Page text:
H2O Innovation left that partnership in 2012 and decided to focus its project business in North America and expand by ramping up its product business in the rest of the world. “Undertaking a project around the world is difficult, but sending a product is easier," Blanchet says.
In addition to challenges inherent in dealing with different business cultures across the world, H2O Innovation also deals with the financial issues that accompany international business, such as differences in payment terms. For instance, North American distributors usually pay for H2O Innovation products within 30 to 45 days, but distributors in other countries often need much longer.
To reduce the risk involved in such lengthy payment processes, H2O Innovation subscribe to insurance on its receivables. Such insurance policies also allow for those receivables to be included in the calculations for the company's operating line of credit, Blanchet says.
Because financial practices and business cultures vary in every country in which H2O Innovation works, having a financial partner with deep experience around the world has been crucial, Blanchet says.
"With HSBC, we have access to the bank's worldwide network and a chance to have local consultants around the world," he says. "My local HSBC contact can put me in touch with [an HSBC contact] in Egypt, or anywhere, who can explain how things work in that area. In Egypt, for instance, the HSBC contact explained that we can't get payments up front without getting a payment bond."
When H2O Innovation needs a letter of credit or other financial documentation for use in global markets, it simply turns to HSBC, which has local offices around the world. “It's helpful to deal with HSBC because it's the same bank, wherever you go," Blanchet says.
H2O Innovation often turns to its Canada-based banking team for financial advice and solutions and also works with HSBC in Hong Kong. For instance, H2O Innovation recently turned to Jean-Phillippe Theriault, its HSBC relationship manager, for advice about receiving advance payments from customers. “H2O [Innovation] was looking for the highest amount possible up front to purchase materials, but sometimes customers don't want to pay up front," Theriault says. “We were able to offer a bank guarantee, which covers their clients' investment if H2O [Innovation] fails to deliver."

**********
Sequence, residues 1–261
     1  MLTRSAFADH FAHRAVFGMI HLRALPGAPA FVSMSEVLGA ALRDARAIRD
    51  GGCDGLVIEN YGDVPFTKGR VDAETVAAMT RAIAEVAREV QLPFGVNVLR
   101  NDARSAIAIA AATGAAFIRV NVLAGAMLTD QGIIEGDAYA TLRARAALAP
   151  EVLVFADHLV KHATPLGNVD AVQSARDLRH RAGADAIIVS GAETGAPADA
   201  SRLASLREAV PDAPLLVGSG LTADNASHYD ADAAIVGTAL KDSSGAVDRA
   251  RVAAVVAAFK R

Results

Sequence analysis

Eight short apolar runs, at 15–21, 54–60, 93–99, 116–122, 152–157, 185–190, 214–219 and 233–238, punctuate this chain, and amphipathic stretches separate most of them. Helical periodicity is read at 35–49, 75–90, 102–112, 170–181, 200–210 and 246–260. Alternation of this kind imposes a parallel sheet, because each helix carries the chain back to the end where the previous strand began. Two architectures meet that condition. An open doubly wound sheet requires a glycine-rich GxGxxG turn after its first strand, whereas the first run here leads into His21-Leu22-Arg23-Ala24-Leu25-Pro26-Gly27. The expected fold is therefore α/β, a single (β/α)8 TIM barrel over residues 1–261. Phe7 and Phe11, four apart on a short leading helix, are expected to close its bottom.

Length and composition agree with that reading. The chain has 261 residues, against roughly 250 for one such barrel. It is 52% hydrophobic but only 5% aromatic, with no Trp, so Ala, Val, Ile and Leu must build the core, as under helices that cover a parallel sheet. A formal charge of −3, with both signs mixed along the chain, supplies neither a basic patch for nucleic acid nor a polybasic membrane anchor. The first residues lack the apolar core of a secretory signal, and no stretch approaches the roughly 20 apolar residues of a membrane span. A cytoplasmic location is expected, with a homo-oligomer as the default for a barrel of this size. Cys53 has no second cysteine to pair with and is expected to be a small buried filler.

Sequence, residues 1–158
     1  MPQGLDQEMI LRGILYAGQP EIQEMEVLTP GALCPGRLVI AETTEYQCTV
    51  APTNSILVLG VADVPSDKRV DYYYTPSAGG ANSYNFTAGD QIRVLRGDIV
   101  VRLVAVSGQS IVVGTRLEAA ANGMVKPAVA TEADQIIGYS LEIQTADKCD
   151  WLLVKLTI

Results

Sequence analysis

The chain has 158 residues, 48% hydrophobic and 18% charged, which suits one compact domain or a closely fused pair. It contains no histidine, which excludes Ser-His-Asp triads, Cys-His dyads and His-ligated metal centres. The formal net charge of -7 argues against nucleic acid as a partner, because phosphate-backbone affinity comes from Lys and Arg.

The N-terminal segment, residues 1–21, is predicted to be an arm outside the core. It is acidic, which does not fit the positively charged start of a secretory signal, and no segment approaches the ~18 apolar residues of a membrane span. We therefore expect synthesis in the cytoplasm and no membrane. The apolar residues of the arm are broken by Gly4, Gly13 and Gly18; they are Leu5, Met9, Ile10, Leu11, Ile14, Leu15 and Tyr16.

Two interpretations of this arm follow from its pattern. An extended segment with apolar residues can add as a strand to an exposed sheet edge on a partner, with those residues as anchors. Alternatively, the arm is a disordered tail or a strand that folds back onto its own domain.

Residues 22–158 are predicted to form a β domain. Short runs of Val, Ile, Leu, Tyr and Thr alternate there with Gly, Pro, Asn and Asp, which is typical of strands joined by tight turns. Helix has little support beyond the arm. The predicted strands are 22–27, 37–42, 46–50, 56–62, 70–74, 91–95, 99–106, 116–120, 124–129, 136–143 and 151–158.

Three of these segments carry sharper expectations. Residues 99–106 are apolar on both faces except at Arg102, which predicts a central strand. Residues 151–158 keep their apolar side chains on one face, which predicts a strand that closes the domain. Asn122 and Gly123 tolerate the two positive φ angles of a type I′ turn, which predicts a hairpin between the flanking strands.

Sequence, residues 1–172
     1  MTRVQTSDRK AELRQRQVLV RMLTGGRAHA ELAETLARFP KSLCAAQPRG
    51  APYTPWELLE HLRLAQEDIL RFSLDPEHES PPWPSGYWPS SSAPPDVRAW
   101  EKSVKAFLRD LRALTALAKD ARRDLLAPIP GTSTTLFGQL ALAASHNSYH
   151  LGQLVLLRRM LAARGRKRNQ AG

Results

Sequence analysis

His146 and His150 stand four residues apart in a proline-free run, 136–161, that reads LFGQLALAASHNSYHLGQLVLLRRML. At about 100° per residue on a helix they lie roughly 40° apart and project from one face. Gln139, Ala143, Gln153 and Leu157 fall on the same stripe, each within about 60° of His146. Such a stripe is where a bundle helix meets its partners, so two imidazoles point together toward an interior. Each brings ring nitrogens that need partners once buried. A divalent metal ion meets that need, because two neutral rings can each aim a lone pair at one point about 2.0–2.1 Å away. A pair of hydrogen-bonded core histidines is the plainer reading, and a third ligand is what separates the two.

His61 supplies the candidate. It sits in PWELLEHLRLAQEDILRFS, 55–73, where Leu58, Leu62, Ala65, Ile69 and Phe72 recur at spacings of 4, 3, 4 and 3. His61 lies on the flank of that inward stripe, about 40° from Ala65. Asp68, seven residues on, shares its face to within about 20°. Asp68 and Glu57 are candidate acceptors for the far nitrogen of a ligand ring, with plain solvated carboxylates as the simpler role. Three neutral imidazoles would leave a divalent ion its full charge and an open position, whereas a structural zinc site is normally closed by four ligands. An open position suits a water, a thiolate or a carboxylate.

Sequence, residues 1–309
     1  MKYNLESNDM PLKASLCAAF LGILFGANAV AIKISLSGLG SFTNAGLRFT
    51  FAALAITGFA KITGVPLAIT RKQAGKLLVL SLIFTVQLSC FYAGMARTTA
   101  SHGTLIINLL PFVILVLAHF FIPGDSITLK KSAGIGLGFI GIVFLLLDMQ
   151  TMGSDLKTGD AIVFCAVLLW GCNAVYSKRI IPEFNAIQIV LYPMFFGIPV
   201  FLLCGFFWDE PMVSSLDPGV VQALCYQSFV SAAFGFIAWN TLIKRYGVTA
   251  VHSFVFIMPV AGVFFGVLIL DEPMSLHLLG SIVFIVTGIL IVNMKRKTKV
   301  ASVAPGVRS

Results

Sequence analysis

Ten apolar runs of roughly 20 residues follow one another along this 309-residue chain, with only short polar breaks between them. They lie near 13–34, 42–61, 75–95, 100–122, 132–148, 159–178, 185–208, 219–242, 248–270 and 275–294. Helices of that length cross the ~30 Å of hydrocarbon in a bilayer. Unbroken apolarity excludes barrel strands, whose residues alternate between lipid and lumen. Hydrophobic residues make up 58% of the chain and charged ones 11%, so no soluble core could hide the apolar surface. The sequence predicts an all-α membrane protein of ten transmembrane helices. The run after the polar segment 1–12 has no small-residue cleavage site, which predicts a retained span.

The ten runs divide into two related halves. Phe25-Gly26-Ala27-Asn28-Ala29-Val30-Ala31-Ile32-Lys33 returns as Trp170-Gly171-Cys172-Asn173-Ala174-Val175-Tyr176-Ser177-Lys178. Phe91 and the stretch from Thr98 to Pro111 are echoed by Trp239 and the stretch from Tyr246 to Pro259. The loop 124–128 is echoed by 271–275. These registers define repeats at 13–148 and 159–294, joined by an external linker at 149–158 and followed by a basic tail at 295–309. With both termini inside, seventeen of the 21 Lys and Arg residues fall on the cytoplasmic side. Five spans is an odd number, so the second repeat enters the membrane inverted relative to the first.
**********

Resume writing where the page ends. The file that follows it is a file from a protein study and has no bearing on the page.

In other instances, HSBC has provided advice on hedging and contract risk, as well as connecting H2O Innovation leaders with banking experts around the world. “As soon as they have a need, they call me," Theriault says. “I deal directly with them to make sure the process is smooth."
Despite the challenges, conducting business globally has paid off for H2O Innovation. Operating in a relatively small industry, the company has established itself as a global leader, and both its projects and its products are in demand. “In North America, there is no job in which we're not invited to bid," Blanchet says.
Looking ahead, H2O Innovation expects to continue growing globally. Demand for the company's projects in the United States is rising as states in the West and Southwest experience drought and increase spending on water system infrastructure. For its product business, H2O Innovation is increasing investments and efforts in the Middle East and in South America. While Blanchet says the company may consider future acquisitions that would lead it to conduct project work beyond North America, for now, it is content to continue building its product business around the world.
"Making the decision in 2009 to diversify ourselves into the product business was the most important decision we ever made," Blanchet says. "It made us less exposed to the project business, which is lumpy and very difficult to export. Products, on the other hand, are easiery to export. Our products sales are also recurring by nature and the margin coming from this business segment allows us to cover 90 percent of the company's fixed costs which brings predictability and stability".
By partnering with HSBC, H2O Innovation has access to experienced international bankers around the world that can help it leverage its advantages of skilled executives and innovation. Learn more about how your company can sharpen your global competitive advantage and build success around the world by reading Selling to the World: The Keys to International Business Success, a new report commissioned by HSBC from The Conference Board of Canada.
Note: The opinions expressed by those feature companies do not represent the Bank's views.
To read the full report of Selling to the World: The Keys to International Business Success, please click here.
Source: Selling to the World: The Keys to International Business Success Report, June 2015
Note: The opinions expressed by featured companies do not necessarily represent the views of HSBC Bank Canada and likewise the opinions expressed by HSBC Bank Canada do not necessarily represent the featured company's view.